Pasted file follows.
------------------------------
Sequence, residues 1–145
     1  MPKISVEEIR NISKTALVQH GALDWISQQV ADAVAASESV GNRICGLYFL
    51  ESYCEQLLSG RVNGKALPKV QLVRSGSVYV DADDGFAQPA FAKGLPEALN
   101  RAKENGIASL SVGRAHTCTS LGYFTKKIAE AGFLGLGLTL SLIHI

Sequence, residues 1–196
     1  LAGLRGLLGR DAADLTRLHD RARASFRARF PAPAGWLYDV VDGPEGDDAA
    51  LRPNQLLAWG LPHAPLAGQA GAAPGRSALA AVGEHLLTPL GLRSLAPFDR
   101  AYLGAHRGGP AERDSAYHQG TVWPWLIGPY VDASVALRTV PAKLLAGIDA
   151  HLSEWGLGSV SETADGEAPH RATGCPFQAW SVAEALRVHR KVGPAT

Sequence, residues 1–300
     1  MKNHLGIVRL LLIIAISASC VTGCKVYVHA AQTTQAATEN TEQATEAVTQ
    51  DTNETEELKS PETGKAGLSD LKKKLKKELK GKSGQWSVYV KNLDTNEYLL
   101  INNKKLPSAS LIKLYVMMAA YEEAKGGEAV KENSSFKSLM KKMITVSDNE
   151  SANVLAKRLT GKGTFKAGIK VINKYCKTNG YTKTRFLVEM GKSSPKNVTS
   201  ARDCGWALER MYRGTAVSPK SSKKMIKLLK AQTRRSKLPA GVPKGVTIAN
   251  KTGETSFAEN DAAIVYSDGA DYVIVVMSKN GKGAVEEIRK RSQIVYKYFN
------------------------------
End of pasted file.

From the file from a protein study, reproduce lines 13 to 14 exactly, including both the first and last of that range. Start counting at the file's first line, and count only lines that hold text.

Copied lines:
   101  INNKKLPSAS LIKLYVMMAA YEEAKGGEAV KENSSFKSLM KKMITVSDNE
   151  SANVLAKRLT GKGTFKAGIK VINKYCKTNG YTKTRFLVEM GKSSPKNVTS